Vitamin C levels in the body can change due to environmental conditions like air pollution and the presence of pathologies such as type 2 diabetes. The elderly population is particularly affected by vitamin C deficiency because chronic or acute diseases are prevalent in this group, and aging is related to reduce vitamin C levels. For example, low levels of vitamin C in a population of British elderly individuals were associated with all causes including cardiovascular causes. In addition, older age and low vitamin C levels appeared to be co-dependent risk factors for mortality and suggesting that serum vitamin C levels contributed to the significance of age as a predictor of mortality.
Omega-3 fatty acids
Omega-3 fatty acids are polyunsaturated fatty acids. It includes docosahexaenoic and eicosapentaenoic fatty acids. It has well known effects on immunity and inflammation. Decision by the European Society for Parenteral and Enteral Nutrition expert statement, the use of omega-3 fatty acids can improve oxygenation in COVID-19 patients. Others however have suggested caution in the use of the omega-3 s in COVID-19 patients, citing evidence showing a counter-intuitive increase in inflammation and oxidative stress due to increased susceptibility of cellular membranes to damage.
Vitamin E and Selenium
The anti-oxidant Vitamin E and selenium are major components of anti-oxidants. Epidemiological studies demonstrate that deficiencies in either of these nutrients alters viral pathogenicity and immune responses. It has been noted, that there is a correlation between COVID-19 cure rates and geographic selenium levels in different Chinese provinces. Selenium and Vitamin E both act through anti-oxidant pathways to increase IL-2 cytokine secretion, increase the number of T cells and enhance mitogenic lymphocyte responses. It also enhances NK cell activity and decreases the risk of infection. Vitamin E and Selenium supplementation has also been shown to increase resistance to respiratory infections.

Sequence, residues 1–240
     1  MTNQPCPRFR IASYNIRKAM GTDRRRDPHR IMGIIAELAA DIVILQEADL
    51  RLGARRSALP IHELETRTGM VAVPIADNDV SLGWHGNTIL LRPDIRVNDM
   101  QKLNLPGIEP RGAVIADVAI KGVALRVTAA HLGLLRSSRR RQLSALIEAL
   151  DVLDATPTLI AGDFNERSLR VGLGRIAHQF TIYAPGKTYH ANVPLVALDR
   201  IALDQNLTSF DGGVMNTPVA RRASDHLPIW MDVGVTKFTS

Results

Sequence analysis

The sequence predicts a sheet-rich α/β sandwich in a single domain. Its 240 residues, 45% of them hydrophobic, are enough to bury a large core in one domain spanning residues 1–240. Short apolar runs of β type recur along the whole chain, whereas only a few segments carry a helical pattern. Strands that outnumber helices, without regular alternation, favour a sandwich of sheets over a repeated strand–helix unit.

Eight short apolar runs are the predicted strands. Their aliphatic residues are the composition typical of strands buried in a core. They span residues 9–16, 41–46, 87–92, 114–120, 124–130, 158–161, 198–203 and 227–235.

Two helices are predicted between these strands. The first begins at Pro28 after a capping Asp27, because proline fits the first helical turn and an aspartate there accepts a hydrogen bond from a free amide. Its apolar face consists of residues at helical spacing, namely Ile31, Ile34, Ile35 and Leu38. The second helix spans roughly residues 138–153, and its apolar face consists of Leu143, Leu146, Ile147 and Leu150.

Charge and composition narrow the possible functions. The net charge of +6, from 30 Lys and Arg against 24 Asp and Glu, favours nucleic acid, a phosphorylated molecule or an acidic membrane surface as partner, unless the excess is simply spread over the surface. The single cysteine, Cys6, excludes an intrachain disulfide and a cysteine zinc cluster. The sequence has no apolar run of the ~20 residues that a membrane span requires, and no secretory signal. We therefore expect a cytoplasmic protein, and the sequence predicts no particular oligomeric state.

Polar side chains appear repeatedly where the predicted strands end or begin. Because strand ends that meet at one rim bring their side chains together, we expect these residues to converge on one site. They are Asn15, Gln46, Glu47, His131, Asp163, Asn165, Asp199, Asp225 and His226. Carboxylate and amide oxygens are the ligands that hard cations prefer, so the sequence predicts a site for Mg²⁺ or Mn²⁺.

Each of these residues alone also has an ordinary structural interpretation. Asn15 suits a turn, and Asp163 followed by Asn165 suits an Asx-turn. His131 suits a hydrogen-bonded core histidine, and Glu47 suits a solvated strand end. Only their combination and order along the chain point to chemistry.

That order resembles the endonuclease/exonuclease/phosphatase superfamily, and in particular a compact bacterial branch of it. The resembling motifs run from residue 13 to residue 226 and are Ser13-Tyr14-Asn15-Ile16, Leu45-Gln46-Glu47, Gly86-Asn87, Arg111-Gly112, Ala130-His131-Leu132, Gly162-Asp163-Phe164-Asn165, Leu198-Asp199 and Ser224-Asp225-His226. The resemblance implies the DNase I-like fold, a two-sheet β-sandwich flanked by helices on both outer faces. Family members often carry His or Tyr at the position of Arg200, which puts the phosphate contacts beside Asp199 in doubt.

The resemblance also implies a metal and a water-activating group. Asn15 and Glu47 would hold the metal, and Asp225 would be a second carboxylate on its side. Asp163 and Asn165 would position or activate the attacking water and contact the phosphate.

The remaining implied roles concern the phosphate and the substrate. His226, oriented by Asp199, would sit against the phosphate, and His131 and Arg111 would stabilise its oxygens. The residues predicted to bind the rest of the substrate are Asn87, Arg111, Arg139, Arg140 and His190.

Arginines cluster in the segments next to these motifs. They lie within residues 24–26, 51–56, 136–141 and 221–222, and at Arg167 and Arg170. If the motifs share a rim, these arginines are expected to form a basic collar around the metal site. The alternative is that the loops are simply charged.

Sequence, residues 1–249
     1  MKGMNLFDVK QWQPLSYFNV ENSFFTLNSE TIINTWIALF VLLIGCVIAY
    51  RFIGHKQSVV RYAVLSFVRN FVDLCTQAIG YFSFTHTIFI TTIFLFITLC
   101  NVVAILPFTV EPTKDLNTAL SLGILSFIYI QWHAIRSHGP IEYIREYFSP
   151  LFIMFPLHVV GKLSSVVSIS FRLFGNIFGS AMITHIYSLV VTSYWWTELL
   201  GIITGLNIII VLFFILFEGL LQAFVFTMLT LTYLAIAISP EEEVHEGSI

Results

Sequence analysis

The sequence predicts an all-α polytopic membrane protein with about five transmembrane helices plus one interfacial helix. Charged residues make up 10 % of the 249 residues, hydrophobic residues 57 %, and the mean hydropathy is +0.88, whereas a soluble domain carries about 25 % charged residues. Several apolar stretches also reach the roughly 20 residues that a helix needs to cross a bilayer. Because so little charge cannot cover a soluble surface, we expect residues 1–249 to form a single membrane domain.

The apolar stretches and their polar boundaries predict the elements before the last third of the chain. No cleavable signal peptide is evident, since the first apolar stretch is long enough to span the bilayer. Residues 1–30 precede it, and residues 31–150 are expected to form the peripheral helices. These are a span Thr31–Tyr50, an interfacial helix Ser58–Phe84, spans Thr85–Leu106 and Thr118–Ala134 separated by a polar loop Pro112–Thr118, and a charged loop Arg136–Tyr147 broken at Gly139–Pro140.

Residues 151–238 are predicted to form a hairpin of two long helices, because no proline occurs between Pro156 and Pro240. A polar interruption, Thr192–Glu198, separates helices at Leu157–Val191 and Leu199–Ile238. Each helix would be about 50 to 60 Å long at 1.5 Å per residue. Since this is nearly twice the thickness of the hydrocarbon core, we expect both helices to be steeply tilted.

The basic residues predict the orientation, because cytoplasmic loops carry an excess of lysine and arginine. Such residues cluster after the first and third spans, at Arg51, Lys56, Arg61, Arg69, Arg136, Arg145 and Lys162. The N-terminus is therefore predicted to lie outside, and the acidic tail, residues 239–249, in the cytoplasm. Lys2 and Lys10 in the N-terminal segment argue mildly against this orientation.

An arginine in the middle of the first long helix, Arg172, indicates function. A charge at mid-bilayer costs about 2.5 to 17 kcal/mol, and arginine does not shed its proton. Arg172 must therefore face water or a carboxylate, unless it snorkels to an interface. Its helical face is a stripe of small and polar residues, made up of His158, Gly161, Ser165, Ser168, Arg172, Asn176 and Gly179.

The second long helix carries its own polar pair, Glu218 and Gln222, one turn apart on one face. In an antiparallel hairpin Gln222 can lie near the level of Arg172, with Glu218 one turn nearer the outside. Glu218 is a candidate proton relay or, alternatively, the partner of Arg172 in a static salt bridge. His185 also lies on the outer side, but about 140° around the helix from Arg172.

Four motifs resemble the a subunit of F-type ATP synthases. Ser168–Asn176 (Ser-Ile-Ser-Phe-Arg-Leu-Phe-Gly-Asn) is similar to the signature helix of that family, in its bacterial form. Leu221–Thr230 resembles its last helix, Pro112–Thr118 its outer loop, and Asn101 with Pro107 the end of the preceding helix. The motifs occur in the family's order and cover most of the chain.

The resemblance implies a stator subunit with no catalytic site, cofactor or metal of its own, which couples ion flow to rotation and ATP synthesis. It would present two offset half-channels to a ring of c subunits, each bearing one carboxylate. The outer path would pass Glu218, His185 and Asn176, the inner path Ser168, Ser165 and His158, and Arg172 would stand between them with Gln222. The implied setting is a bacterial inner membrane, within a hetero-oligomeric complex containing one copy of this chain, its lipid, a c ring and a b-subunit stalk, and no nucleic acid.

Adequate levels of vitamins C, E and D are crucial during COVID-19 to reduce symptom burden and lessen the duration of respiratory infection. It may improve immune responses and suppress viral replication. Therefore, the consumption of adequate amounts of minerals and vitamins through diet is essential to ensure the proper functioning of the immune system. Vegetables, fruits, fish, meat, fish, poultry and dairy products are good source of these vitamins and minerals. To support immune function during COVID-19 disease higher dietary intakes of vitamins C, D and E, zinc and omega-3 fatty acids could be beneficial.
Conclusion and future prospects
The effects of vitamins C, D, E, zinc, selenium and omega-3 fatty acids positively affect the immune system are shown above. Also the possible benefits to those suffering from COVID-19 are presented. Supplementation of higher dosage of vitamins D, zinc and C may have a positive effect during COVID-19 infection. However, clinical trials based on the associations of COVID-19 and diet are lacking. Some clinical studies have been registered and are currently being conducted to decide the effectiveness of certain nutrients in patients with COVID-19. Hopefully, the results of these trials will clear the use of micronutrients during SARS-CoV-2 infection. It is also important to investigate other important micronutrients such as vitamin B in COVID-19, to further see the role of nutrition in disease outcomes.